I loved adventure games as a kid. Probably because I hated my life and wanted to grow more frustrated with every click of the mouse. Most of those 90’s adventure games had terrible play filled with puzzles that made sense only to a sadistic programmer hunched in his cubical so long that any exposure to sun would melt him the moment he stepped out of Sierra’s headquarters.

“Yes! It must use the pliers stuck in the inflated rubber duck tied to a string stolen from the rat who ate the last piece of the king’s cake to get the key that will open the door to the portal through time! It will see the solution instantly or It shall die!”

That, by the way, is only a modest exaggeration to an actual puzzle.

One of the more logic twisting games was King’s Quest. We had received a free CD of King’s Quest V with our new Compaq Presario to showcase how amazing the newly released CD drives could be (“Look! No disk switching!”). I would play it for hours, often with my dad, despite not having an internet to look up the necessary walkthough for any normal, right thinking person to actually make it through the game.

By the way, no, I don’t believe we ever actually finished it. Or if we did, it was years later, after the amazing new technology of America Online started spreading to my corner of California.

Fast forward a generation, and now I’m playing the updated version of King’s Quest with my own kids.

So far they’ve only released Chapters 1 – 3, but I have to say, I love it. It was a risky move for the company to release the game at all, in a world where adventure games have basically fizzled out except for Telltale Games’ glorified Choose Your Own Adventure books. I don’t know how successful the effort has been financially, but gaming wise, The King’s Quest creators managed to strike a good balance, having puzzles that are difficult–but not impossible without a walkthrough–and a story that’s actually pretty good.

The game is told by the old King Graham, played by Christoper Lloyd, recounting the adventures of his youth his granddaughter Gwendolyn. Each chapter has told a different one of his stories, so far covering how he conquered a dragon, how he became king, how he escaped goblins, and how he met his wife. Each one and filled with puns that will make any sane person groan. Each can reach a different ending depending on which path you choose (though, like the Telltale Games choices, the paths end up being fairly similar).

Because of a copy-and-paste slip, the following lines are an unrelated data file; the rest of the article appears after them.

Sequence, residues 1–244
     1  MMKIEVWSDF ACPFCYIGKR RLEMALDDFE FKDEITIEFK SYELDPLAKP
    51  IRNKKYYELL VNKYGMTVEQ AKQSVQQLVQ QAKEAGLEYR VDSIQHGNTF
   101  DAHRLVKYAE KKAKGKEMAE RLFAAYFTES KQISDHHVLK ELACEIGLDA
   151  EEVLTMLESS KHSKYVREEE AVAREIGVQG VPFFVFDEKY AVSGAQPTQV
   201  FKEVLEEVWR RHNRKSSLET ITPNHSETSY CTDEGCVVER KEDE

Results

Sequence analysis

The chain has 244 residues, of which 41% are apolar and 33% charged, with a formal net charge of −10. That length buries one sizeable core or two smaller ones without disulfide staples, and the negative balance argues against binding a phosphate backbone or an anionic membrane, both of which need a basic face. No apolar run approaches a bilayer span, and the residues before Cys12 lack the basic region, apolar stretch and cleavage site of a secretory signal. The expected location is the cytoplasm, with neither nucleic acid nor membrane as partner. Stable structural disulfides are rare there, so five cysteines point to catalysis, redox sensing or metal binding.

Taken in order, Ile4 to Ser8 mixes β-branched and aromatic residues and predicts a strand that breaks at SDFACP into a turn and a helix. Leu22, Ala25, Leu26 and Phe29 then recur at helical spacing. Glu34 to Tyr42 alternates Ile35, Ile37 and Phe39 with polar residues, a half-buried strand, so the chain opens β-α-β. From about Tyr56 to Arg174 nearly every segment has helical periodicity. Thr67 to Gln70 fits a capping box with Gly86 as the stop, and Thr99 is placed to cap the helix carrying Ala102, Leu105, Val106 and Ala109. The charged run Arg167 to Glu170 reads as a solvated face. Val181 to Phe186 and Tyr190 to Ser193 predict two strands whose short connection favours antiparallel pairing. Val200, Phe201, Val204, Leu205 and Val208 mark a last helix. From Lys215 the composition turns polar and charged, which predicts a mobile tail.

The graphics are a bit odd, but they grow on you.

The graphics are a bit odd, but they grow on you.

Each chapter we’ve played has gotten Kella fully invested in the story, with her pushing me to play “just a little bit longer” to find out how the next twist is resolved.

Of all the chapters, the best so far is the third. Rather than being a typical fairy tale “they were destined to be together and and lived happily ever after,” King Graham keeps reiterating how much work it took, how much time and effort they spent on their relationship, not just during the initial rescue, but in the days and months and years afterwards.

As for appropriateness of the game for a 4 and 6 year old, I’ve had only slight reservations. The beginning starts in the dragon’s lair, which is absolutely littered with skeletons, some humorously and gruesomely placed. Like the impaled skeleton that rides next to you on a bed. It was a bit dark. Thankfully, after that initial section, the tone lightens up considerably, with no more corpses spread at your feet.

For the gameplay aspect, Kella likes to move King Graham around, but the puzzles are a bit too difficult. She likes watching, though, which works for me.

There was one moment that made me really love this game. It came in one of the cut scenes with Grandpa talking with Granddaughter. I couldn’t help but be transported to my own youth, hearing my grandpa spout out his daring adventures fighting against teenagers and the other teachers as a high school biology instructor. When you can take a video game story about dungeons, dragons, kings and quests and connect with the player enough to throw him back to his own childhood, I think that qualifies as a home run.

I’m looking forward to the rest of the chapters. I wouldn’t hesitate for a minute recommending others play this with kids of their own.